The Amethyst Initiative is a group of college and university presidents across the United States who believe that "the problem of irresponsible drinking by young people continues despite the minimum legal drinking age of 21, and there is a culture of dangerous binge drinking on many campuses."
Amethyst Initiative presidents promote public discussion about the unintended consequences of current alcohol policies, including the minimum legal drinking age of 21, and invites new ideas on how best to prepare young adults to make responsible decisions about alcohol use. For more information, visit Amethyst Initiative and Choose Responsibility
There are a number of possible policy changes that might be discussed. They include such things as possibly:
There is much resistance to even discussing possible options for a variety of reasons. Many organizations and professionals have a vested interest in maintaining the status quo. Some simply don't believe any change is needed. Some believe the questionable theory that drinking in moderation harms developing brains, a notion disproven by the experience of Jews, Italians, Greeks, Portuguese, French, and others around the world. Some doubt the maturity of young adults. Some don't think we can improve what we're already doing. A surprisingly large number favor the de facto prohibition of alcohol as a way to prevent alcohol-related problems. And the list goes on.
Therefore, it's a brave person who publicly calls for discussions about how we might reduce alcohol abuse among young people. However, a large number of the presidents of some of our leading colleges and universities have courageously taken such a stand by signing the Amethyst Initiative to do exactly that.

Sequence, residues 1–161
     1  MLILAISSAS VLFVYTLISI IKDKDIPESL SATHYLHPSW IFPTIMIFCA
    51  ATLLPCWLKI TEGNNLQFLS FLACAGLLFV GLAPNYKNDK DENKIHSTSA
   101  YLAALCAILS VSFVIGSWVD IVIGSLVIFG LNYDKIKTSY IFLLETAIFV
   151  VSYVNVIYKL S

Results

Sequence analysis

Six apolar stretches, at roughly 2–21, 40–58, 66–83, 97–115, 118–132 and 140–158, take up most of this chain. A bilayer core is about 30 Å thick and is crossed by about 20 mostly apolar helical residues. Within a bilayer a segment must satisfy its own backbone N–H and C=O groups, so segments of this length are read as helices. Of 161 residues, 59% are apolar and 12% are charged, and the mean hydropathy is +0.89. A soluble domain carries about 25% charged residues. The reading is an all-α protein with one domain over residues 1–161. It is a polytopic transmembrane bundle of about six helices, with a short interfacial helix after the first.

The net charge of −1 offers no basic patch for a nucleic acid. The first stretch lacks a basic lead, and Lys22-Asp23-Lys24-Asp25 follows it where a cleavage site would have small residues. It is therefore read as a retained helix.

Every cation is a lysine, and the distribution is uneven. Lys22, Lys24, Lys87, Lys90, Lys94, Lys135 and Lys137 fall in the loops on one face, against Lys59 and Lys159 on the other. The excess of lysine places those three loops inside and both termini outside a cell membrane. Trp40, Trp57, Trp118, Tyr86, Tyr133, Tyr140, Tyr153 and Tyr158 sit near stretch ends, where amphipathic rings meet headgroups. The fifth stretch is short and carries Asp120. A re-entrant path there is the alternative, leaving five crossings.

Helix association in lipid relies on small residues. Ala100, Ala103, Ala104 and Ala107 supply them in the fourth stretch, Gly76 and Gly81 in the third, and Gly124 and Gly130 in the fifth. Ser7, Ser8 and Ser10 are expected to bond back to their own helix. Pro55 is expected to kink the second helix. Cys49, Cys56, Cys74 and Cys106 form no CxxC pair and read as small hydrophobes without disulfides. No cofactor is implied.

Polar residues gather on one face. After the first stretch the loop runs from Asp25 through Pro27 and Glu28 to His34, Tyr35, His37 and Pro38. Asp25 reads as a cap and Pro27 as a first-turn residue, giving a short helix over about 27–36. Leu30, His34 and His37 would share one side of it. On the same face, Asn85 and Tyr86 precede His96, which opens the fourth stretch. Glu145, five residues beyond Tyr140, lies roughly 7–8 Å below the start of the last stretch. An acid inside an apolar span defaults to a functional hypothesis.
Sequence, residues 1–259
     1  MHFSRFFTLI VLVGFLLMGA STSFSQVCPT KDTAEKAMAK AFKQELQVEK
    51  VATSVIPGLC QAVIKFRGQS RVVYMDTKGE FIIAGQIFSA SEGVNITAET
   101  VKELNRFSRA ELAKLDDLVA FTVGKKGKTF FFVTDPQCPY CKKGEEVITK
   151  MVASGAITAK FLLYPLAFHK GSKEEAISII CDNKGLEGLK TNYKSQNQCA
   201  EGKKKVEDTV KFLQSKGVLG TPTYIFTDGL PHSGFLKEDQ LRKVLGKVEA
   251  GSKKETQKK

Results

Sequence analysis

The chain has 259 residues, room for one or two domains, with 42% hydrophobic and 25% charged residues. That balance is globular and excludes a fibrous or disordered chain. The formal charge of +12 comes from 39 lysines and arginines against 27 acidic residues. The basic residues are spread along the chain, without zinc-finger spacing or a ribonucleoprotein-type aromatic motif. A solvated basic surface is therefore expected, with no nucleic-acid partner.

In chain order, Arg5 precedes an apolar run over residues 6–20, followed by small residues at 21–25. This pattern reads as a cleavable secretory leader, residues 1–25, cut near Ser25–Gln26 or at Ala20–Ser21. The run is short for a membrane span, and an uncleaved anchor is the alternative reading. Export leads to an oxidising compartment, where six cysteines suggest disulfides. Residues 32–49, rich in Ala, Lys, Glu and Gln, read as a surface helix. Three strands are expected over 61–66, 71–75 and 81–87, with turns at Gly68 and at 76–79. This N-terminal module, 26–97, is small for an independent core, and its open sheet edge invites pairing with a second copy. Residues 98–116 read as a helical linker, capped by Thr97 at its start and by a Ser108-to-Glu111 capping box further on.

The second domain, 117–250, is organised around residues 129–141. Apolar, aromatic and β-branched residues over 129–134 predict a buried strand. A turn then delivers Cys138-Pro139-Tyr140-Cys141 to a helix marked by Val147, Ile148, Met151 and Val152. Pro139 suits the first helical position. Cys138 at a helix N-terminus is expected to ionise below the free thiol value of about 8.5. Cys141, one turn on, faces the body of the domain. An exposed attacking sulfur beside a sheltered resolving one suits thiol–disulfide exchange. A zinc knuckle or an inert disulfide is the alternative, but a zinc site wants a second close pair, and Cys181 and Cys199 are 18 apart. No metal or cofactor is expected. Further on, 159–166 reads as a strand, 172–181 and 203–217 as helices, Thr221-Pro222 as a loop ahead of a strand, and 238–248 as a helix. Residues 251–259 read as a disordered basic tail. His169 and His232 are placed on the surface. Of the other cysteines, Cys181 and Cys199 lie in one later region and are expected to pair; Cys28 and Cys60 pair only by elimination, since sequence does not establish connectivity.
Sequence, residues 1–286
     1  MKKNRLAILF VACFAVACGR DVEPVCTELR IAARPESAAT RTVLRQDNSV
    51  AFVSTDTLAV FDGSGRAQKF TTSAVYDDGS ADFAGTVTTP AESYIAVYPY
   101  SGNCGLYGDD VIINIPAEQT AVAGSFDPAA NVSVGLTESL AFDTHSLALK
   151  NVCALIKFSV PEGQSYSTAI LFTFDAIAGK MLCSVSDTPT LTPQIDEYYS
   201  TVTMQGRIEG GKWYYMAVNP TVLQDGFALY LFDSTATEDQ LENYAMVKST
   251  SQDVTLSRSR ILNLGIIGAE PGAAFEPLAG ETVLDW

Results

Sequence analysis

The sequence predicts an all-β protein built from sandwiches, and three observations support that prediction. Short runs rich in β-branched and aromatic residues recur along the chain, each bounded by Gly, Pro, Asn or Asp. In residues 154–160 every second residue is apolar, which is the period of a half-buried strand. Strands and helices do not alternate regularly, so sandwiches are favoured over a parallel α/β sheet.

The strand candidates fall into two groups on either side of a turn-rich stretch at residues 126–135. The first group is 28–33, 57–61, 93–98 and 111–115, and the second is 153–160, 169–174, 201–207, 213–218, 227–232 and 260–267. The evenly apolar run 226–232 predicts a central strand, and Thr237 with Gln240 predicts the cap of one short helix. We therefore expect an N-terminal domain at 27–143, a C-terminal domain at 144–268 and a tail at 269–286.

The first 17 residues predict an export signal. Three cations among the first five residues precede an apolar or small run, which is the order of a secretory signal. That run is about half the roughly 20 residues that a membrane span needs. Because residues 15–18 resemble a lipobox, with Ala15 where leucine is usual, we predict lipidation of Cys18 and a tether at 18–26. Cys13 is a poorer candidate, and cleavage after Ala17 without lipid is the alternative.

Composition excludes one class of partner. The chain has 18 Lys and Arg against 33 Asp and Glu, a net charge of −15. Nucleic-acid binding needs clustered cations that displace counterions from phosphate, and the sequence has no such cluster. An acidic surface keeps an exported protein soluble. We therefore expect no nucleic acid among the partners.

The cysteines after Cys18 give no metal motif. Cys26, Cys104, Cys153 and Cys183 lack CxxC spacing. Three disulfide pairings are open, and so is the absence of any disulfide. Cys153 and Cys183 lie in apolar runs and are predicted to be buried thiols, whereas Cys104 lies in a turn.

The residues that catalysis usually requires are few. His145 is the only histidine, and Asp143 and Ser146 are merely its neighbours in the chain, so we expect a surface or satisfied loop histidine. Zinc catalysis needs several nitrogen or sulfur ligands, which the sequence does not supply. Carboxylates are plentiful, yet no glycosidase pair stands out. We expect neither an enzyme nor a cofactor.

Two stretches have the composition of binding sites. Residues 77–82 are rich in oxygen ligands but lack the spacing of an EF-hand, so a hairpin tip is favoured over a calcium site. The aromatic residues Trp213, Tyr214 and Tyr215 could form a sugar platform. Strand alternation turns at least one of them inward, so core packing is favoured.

"We can continue shutting our eyes to the problem, or we can begin to discuss solutions."
Dr. Sharon Herzberger, President of Whittier College
President Sharon Herzberger of Whittier College joined the Initiative and explains:
I, like many of the signatories [of the Amethyst Iniative], do not claim to know what the "magic" legal drinking age should be nor if a change in the drinking age will lead to more responsible conduct. What I do know, however, as a president and as a parent of recent college graduates, is that our laws and policies regarding alcohol use by young people are simply not working.
Dr. Herzberger says that
Clearly, we have two choices: We can continue shutting our eyes to the problem, or we can begin to discuss solutions. As president of an institution that teaches students to do the latter, I know I must lead by example.
So I have joined the Amethyst Initiative and have been vocal about calling for reasoned discussion, a full analysis of evidence from studies in this country and abroad, and the benefit of expert opinion from those who deal with the challenge of alcohol use and abuse on a regular basis. After this discussion, we as a nation can decide whether the current law, while flawed in its outcomes, is the best we can expect or whether change is in order.
There's much misinformation and even fear-mongering. There's no call not to enforce the drinking age laws but Dr. Herzberger notes that "Mothers Against Drunk Driving, an organization I admire, has warned parents that they should not send their students to colleges whose presidents signed the initiative for fear that such presidents will not enforce the drinking laws. MADD's warnings are certainly not true."
Dr. Herzberger is an outstanding leader.
Filed Under: College